August isth. A report had been propagated that it was intended to 
apply to Parliament for liberty to build a bridge over the north channel 
of the river Lee below the Custom House (not the present one, 1905) — 
the Common Council resolved that it would be of the utmost ill-conse- 
quence to the trade of the city; and that a memorial be laid before 
Parliament, praying that no such liberty be granted, which was unani- 
mously agreed on by the greatest number of freemen that have ever been 
assembled on any occasion for these years past, who showed the greatest 
dislike to building such a bridge, as it would be highly destructive to the 
trade of the city. [For all that, we have long had St. Patrick's bridge]. 

September 4th. A gentleman, his wife and child were carried over 
the quay at the end of Prince's Street, in a horse chair, by the horse's 
setting back ; but they happily escaped unhurt. [At this time the river at 
high tide covered the ground now occupied by Patrick Street. The Pres- 
byterian church in Prince's Street, which was commenced in 1719-20, was 
approached at low water from the opposite side by stepping stones, and 
when the tide was full in by a boat.] 

In 1769 Cork city was daily growing in commercial importance. The 
port news of this time, which enumerates the arrival and departure of 
vessels, is very extensive. Schools were being established in several of 
the towns in the county, presided over by clergymen and other qualified 
persons. The shopkeepers' advertisements were become lengthy, and 
contained an enumeration of goods of a very costly and varied character. 
Charity, that virtue in which Cork **never faileth," was extending her 
bounties to the sick, the afflicted, and the indigent. There were no 
murmurings or complainings on the streets. Business was conducted by 
all sorts and conditions of men with the greatest cordiality. 

The citizens seeme glad to seize many opportunities to get up a fes- 
tivity : so the Gunpowder Plot and the anniversary of the Irish Rebellion 
were made an occasion for a good dinner as well as a sermon. When 
the Lord Lieutenant came the people became frantic. Even the weavers 
and manufacturers approached his Excellency this year through one 
Robert Gordon^ Esq., declaring that ''they were ready to lay down their 


lives whenever called on for the defence of their native country under his 
Excellency's command." 

Houses in the suburbs did not seem to get a tenant easily, and lands 
were sometimes got oG their owners' hands with difficulty, as would appear 
from the constant insertion of the same advertisement The trade with 
New York and Philadelphia in corn and oats was evidently a prosperous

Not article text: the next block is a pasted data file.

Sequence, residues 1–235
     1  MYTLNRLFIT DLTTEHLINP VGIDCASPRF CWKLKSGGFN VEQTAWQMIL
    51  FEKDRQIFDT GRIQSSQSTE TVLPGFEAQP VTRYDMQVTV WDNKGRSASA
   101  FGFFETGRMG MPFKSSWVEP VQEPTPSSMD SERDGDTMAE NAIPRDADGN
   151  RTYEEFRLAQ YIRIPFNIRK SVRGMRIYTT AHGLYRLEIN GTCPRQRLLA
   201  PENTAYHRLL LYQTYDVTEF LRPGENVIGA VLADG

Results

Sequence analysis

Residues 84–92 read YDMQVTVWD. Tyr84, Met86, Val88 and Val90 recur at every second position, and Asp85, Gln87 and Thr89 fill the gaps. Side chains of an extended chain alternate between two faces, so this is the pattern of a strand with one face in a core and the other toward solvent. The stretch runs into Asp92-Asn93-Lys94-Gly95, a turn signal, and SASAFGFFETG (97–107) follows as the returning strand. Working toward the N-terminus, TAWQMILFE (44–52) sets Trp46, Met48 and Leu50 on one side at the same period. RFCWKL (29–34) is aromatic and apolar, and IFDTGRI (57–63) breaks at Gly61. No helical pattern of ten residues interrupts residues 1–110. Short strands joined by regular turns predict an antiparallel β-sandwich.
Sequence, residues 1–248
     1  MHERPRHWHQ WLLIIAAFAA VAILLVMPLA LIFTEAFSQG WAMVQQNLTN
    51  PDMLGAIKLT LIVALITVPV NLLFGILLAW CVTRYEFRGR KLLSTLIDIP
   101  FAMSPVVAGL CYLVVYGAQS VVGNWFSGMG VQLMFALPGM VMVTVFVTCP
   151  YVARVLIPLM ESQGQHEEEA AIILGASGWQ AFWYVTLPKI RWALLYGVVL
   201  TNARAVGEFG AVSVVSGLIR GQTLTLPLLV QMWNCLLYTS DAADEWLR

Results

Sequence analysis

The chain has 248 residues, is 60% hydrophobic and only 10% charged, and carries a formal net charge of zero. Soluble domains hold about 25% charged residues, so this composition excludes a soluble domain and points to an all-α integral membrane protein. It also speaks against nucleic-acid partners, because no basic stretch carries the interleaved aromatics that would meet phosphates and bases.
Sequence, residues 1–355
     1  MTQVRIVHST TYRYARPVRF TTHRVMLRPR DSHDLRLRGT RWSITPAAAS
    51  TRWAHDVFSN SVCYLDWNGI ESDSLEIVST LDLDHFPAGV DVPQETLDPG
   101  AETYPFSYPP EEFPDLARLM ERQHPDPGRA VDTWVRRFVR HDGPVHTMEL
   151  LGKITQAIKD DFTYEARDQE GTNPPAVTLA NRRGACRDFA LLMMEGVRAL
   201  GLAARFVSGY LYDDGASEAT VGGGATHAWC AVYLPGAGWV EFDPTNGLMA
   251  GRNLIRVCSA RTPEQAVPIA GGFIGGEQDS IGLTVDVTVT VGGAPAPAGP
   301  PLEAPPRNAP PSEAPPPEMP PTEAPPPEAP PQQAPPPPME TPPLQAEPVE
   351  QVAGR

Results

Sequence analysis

one. The continual arrival and departure of ships of war in the harbour 
must have transferred a gaiety to that neighbourhood which only navy 
officers knew how to impart, provided they did not "impress" the waiters, 
as on one occasion they are said to have done, on being hospitably enter- 
tained by the Corporation at the Mansion House. The waiters, in silk 
stockings and uniform, went to see the officers into their barge, which 
was awaiting their arrival, about five o'clock on a summer's morning, at 
Bachelor's Quay. While the unsuspecting attendants were adjusting the 
officers' boat cloaks^ on a signal the boats moved oflF, and the unhappy 
waiters were never afterwards heard of. So the tradition ran. 

January 2nd. We have an account of the robbery at the Green Coat 
Hospital, where the Rev. Michael Tisdal resided. This account states 
that ''the hardened villians broke open the door of a burial vault under 
the church, took out a ladder, got into through the window, and robbed 
the reverend occupant of a body coat of fine raven gray cloth, three men's 
coats, two of black cloth and one of lustherine (a kind of shining silk), two 
pair of cotton velvet breeches, a purple rugg great coat, with a black 
velvet cape; a purple rugg cloak, his hat, a pair of channel pumps with 
his silver buckles on them, several pairs of stockings, some of his gowns, 
some household linen which had been washed the day before, and a silver 
table-spoon, &c. Some of the linen they deposited in one of the burial 
vaults. Five Guineas Reward." 

At this date the following novel method of raising funds for the benefit 
of the Infirmary is mentioned. The managers of the Drums (a Drum 
meant an evening party) being disappointed in their expectations of com- 
pany on Monday nights have been induced by the desire of many to